Electrolyte leakage was determined by the modified method according to Song et al. [47]. The fresh leaves (0.5 g) were washed in deionized water and placed in Petri dishes with 5 ml deionized water at 25 °C for 2 h. After the incubation, the conductivity was measured (EC1). Then, the samples were boiled for 20 min and conductivity was read again (EC2). The electrolyte leakage was calculated as EC1/EC2 and expressed as percent.

Membrane lipid peroxidation was measured as the concentration of malondialdehyde (MDA) produced using 10 % (w/v) trichloroacetic acid (TCA), according to Dhindsa et al. [48]. The absorbance of the supernatant was measured at 450, 532, and 600 nm.

The concentration of H2O2 was measured by monitoring the absorbance of titanium-peroxide complex at 415 nm according to the method described by Shi et al. [49].

Superoxide radical production rate was determined by the plant O2 •− ELISA Kit based on antibody-antigen-enzyme-antibody complex following the manufacturer’s instruction [49].

Measurement of antioxidant enzyme activities

The leaves (0.5 g) were homogenized with a mortar and pestle at 4 °C in 5 ml 50 mM phosphate buffer (pH 7.8) containing 1 mM EDTA and 2 % PVP. Homogenate was centrifuged at 12000 × g for 20 min at 4 °C and the supernatant was used for enzyme activity assays. Protein content in the supernatant was determined according to Bradford [50].

The assay for ascorbate peroxidase (APX) activity was measured according to Nakano and Asada [51]. The activity of catalase (CAT) was measured by following the consumption of H2O2 at 240 nm according to Cakmak and Marschner [52]. Glutathione reductase (GR) activity was measured by following the decrease in absorbance at 340 nm due to NADPH oxidation according to Shaedle and Bassham [53]. Activity of superoxide dismutase (SOD) was determined according to Beauchamp and Fridovich [54] by following the photo-reduction of nitroblue tetrazolium (NBT) at 560 nm.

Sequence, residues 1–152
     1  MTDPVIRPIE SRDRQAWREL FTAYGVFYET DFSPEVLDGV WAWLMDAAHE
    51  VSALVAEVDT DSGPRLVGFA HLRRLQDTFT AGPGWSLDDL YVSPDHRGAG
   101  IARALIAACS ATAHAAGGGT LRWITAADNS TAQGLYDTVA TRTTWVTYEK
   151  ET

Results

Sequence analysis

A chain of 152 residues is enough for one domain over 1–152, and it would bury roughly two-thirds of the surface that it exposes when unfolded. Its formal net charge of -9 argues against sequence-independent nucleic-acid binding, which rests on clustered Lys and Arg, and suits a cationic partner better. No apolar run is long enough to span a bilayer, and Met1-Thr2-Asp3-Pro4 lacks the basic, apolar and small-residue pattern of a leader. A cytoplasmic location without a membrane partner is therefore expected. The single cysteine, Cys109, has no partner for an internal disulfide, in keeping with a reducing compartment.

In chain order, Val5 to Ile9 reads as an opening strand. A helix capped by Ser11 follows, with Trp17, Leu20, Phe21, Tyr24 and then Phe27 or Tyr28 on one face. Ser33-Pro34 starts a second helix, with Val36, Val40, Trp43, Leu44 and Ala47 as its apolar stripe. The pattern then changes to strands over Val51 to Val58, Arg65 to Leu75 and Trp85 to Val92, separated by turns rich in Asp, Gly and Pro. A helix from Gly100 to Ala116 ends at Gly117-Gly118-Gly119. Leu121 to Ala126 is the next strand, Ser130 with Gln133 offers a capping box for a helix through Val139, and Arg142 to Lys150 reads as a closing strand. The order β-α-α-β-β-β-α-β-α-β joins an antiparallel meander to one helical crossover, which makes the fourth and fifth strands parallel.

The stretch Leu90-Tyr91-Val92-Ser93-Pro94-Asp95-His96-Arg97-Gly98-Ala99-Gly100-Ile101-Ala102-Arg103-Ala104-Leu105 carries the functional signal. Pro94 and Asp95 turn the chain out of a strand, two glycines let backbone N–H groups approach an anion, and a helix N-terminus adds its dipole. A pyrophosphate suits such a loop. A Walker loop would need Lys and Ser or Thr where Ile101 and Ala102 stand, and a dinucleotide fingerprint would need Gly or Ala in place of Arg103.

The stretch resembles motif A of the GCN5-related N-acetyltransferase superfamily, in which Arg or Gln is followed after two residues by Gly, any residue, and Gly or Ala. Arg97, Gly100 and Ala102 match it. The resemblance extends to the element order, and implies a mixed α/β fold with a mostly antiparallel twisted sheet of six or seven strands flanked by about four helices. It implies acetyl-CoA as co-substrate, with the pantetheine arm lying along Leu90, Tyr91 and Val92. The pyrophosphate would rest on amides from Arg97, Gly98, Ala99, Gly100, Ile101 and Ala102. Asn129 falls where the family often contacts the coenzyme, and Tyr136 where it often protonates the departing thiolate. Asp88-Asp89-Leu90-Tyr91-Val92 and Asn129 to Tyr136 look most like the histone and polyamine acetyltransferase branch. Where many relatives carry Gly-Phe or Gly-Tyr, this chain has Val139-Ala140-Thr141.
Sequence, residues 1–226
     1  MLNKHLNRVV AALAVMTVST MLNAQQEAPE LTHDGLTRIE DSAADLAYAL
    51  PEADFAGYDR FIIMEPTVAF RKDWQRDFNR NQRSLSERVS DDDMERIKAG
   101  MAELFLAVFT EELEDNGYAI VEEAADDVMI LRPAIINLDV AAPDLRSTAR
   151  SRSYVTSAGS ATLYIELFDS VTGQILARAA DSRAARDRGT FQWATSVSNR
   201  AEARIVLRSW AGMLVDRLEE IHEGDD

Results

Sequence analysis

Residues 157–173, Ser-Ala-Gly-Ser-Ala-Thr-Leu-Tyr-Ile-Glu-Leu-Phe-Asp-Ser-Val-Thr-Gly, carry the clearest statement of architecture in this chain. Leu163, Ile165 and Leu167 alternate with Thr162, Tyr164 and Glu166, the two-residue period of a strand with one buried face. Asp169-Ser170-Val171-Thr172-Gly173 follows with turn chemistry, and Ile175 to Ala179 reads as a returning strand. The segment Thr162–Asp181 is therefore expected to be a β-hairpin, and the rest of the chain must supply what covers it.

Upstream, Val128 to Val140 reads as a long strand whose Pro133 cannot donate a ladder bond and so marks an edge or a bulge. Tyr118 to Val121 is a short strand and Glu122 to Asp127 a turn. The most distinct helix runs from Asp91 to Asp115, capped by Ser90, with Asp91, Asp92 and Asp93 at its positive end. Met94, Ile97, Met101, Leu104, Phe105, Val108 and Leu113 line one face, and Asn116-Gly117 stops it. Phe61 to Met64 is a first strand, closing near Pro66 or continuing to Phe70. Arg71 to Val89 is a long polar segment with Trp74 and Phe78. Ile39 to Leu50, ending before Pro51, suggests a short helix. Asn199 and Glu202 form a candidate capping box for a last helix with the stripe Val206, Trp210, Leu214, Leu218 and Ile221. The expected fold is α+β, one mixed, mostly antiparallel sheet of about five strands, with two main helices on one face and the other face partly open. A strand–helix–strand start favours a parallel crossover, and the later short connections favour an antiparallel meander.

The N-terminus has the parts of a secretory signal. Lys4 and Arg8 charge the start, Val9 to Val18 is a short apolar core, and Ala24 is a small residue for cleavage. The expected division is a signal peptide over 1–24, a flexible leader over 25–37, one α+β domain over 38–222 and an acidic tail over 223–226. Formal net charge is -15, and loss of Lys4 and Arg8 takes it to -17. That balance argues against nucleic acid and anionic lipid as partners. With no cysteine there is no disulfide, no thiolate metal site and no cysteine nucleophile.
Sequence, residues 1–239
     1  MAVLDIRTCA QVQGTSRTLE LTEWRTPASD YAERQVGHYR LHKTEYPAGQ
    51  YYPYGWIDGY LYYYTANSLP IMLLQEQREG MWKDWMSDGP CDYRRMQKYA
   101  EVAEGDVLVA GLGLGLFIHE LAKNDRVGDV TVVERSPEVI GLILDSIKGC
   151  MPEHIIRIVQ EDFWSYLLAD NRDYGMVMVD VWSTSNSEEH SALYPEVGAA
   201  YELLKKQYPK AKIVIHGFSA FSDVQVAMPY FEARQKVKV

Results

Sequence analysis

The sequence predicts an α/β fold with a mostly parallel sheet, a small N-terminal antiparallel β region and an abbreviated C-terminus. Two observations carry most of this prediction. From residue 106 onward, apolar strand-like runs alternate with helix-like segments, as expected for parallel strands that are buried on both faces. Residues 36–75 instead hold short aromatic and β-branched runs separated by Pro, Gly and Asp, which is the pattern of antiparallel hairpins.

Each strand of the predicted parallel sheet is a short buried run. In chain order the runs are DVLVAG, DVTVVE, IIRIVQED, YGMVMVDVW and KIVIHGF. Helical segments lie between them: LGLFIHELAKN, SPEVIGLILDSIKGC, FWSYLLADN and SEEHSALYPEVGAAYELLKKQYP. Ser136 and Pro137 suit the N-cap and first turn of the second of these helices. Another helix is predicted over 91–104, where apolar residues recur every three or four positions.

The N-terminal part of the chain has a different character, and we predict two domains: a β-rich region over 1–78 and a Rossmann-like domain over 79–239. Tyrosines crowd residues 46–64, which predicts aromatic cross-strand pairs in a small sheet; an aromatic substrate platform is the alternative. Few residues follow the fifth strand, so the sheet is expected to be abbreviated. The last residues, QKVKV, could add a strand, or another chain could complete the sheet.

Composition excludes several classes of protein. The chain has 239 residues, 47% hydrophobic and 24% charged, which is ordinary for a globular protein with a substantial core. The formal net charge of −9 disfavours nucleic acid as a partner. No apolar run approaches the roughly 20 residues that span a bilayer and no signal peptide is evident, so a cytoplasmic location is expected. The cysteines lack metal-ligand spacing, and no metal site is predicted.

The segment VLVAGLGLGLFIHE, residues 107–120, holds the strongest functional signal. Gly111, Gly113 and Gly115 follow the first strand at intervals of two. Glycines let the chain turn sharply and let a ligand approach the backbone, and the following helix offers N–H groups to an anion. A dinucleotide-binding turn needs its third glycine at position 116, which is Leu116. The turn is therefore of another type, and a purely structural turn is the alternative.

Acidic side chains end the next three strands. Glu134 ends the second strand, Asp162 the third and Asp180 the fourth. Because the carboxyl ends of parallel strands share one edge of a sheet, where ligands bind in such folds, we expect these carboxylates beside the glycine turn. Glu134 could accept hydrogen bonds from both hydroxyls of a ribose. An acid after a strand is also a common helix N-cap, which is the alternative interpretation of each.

Assay of carbohydrate and proline contents

Contents of fructose, sucrose, and raffinose were determined using high performance liquid chromatography (Waters Corporation, America) as described by Liu et al. [55]. Total fructan contents were measured according to Rao et al. [56].

Leaves (0.1 g) were treated with 3 % (w/v) sulphosalicylic acid followed by boiling for 1 h. Proline contents were measured according to Bates et al. [57].

Measurement of chlorophyll content and chlorophyll fluorescence parameters

Chlorophyll concentration was determined spectrophotometrically using 80 % acetone as a solvent [58]. Extract absorbance was measured at 645 and 663 nm with Optizen 5100 UV spectrophotometer (Shanghai, China). Maximal photochemical efficiency of PSII (Fv/Fm) apparent electron transport rate (ETR), non-photochemical quenching (NPQ) was determined using a PAM-2100 fluorometer (Walz, Effeltrich, Germany) as described by Oliveira and Peñuelas [59].

Determination of ABA content

The ABA contents were measured using ultrahigh-performance liquid chromatography coupled to electrospray ionization tandem spectrometry (UHPLC/ESI-MS/MS) according to Müller and Munné-Bosch [60].

Total RNA extraction, RNA-Seq library construction and sequencing

RNA samples were extracted from the leaves of three replicates of 0, 3, 24 h and 5 d cold-stress-treated DX and GN plants. Total RNA was extracted using a Trizol reagent according to the manufacturer’s protocol (Takara Bio Inc., Otsu, Japan). The integrity and purity of the RNA was determined by using the Agilent 2100 RNA 6000 Kit and electrophoresis on 1 % agarose gel.